NL:Oh yeah. It’s very interesting to watch that stuff – the sex is boring – but they have these really bizarrely tacky soundtracks and I’m particularly enamoured with the bad acting between the sex scenes because it seems like something straight out of some Warhol movie! So, it’s downright bizarre at times which I really enjoy a lot! It’s kind of experimental film, unintentionally.

AF:All of your stuff – the Eros collection particularly – does demonstrate the fusion between high art and low art because it shows an aesthetic quality and at the same time it’s being appreciated for its trashiness.

NL:Exactly! You’re right – that’s the Other Cinema aesthetic right there: the work in Experimental Eros tends to be footage that’s been appropriated from porn, which is pretty much the lowest rung in the totem pole of genres, and it’s been taken by avant-garde filmmakers and made into something completely different. It’s strange; it’s made very beautiful in a lot of cases – I’m think about, for example, the film The Color of Love by Peggy Ahwesh. Do you remember that one?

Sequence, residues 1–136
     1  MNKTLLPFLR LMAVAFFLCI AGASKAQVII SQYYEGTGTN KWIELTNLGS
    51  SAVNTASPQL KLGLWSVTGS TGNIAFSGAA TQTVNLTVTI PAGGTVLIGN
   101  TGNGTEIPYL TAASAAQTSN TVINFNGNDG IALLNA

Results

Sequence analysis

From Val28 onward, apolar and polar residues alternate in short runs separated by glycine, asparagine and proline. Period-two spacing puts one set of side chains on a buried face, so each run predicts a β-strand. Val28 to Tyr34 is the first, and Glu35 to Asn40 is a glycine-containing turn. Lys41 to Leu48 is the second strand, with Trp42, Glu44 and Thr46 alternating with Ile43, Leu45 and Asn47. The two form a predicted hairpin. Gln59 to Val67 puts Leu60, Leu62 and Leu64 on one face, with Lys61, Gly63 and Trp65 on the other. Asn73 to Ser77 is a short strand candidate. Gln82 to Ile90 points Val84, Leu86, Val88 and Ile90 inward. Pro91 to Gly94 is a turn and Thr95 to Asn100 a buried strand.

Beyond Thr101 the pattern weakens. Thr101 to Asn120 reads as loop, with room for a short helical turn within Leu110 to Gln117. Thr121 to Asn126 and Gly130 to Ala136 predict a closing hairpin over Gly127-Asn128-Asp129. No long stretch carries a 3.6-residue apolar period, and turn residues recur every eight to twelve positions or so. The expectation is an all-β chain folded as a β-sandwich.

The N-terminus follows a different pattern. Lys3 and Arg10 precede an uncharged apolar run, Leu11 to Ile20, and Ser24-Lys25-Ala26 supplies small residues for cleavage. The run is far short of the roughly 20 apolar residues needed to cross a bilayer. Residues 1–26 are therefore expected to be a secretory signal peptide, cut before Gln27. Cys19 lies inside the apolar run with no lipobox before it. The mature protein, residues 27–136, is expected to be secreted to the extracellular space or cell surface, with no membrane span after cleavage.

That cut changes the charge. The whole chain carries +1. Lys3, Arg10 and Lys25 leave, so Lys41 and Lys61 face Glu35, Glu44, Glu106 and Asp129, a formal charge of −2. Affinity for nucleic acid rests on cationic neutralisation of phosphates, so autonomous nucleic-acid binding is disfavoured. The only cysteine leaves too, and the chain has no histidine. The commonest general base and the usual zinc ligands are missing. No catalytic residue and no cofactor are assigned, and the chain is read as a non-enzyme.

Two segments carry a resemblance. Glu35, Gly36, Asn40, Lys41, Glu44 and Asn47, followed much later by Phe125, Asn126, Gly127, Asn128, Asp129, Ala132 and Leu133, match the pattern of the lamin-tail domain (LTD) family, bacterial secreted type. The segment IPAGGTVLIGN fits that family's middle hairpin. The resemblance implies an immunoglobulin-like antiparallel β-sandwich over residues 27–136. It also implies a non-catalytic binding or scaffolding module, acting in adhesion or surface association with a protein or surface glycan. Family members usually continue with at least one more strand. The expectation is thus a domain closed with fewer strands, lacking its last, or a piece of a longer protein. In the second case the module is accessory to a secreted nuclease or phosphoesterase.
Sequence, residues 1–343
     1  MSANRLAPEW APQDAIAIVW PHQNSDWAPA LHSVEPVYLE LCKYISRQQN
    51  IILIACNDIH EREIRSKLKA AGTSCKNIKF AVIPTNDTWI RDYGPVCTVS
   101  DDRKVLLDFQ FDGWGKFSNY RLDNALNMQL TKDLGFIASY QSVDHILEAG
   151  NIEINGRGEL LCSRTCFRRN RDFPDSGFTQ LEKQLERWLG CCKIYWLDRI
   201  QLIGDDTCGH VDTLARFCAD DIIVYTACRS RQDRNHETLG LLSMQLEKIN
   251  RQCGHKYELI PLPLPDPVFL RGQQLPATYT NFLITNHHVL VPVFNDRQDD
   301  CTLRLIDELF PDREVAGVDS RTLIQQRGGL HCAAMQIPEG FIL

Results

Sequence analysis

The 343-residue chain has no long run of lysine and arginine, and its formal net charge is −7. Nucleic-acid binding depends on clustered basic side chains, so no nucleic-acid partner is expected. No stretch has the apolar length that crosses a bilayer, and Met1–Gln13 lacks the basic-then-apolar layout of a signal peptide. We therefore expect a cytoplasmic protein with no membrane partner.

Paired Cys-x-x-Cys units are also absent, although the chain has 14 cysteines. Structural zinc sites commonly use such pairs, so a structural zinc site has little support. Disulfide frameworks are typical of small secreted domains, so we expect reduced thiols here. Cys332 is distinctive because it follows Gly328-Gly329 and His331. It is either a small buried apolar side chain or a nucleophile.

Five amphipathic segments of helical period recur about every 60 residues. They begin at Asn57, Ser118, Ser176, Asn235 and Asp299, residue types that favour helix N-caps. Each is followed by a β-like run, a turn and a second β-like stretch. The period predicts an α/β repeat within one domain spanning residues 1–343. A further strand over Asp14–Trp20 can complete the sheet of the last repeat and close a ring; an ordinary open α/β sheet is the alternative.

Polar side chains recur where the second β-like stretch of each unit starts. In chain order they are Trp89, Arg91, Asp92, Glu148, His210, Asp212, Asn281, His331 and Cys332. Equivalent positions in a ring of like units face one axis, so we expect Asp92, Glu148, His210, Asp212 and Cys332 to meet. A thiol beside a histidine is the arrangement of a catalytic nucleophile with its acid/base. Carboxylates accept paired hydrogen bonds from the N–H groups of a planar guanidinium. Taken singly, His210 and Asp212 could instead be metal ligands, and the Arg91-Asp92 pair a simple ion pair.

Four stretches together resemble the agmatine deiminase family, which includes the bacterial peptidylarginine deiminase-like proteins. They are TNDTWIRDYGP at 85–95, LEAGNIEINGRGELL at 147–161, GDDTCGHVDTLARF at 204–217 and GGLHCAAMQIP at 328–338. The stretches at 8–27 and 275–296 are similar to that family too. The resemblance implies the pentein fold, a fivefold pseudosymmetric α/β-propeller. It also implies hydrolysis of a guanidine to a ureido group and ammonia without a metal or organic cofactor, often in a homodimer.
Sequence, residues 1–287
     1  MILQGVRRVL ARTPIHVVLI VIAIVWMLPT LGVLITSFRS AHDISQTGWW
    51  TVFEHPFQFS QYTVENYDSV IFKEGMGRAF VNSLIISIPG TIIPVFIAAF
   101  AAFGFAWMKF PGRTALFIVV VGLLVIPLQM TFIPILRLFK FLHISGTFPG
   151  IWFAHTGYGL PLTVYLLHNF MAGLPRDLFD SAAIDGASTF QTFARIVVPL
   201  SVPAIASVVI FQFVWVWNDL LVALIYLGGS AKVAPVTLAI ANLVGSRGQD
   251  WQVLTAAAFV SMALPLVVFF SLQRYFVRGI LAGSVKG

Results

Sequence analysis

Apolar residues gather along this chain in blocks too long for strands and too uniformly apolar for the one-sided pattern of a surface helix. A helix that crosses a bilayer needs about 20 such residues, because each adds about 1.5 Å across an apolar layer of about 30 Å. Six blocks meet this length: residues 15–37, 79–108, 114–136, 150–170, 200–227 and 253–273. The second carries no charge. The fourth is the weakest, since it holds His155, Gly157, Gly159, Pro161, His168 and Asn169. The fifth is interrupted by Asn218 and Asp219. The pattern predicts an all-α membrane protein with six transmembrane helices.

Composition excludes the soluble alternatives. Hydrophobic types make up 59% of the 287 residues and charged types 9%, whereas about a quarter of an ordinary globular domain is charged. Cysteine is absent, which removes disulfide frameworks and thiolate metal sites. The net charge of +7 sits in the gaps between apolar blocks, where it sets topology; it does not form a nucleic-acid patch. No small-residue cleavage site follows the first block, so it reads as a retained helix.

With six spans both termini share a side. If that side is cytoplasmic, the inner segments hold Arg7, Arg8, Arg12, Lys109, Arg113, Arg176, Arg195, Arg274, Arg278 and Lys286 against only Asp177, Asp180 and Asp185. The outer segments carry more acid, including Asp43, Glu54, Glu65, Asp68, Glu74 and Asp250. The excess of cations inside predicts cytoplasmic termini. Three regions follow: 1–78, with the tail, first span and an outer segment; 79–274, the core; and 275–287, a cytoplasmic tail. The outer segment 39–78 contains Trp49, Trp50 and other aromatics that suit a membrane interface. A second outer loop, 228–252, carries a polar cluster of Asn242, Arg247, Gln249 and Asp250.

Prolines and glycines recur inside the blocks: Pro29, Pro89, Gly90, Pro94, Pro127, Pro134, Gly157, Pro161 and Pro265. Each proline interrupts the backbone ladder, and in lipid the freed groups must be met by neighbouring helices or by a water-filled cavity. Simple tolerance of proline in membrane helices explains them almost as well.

AF:Yes, it looked really good.

NL:Exactly. Basically what happened was: she found a decayed reel of super-8 porn, took it into her workshop, dyed it, massaged it, changed the look of stuff and made it into something incredibly beautiful. In terms of the low-brow and high-brow ends of the spectrum, she’s definitely in the high-brow end. She’s a published academic, she teaches over at Bard College, she’s a serious artist from New York. That is definitely a good example of our programming style.

AF:I’m glad you mentioned that title because it leads on to Decasia, which is possibly one of the most famous films, at least over here.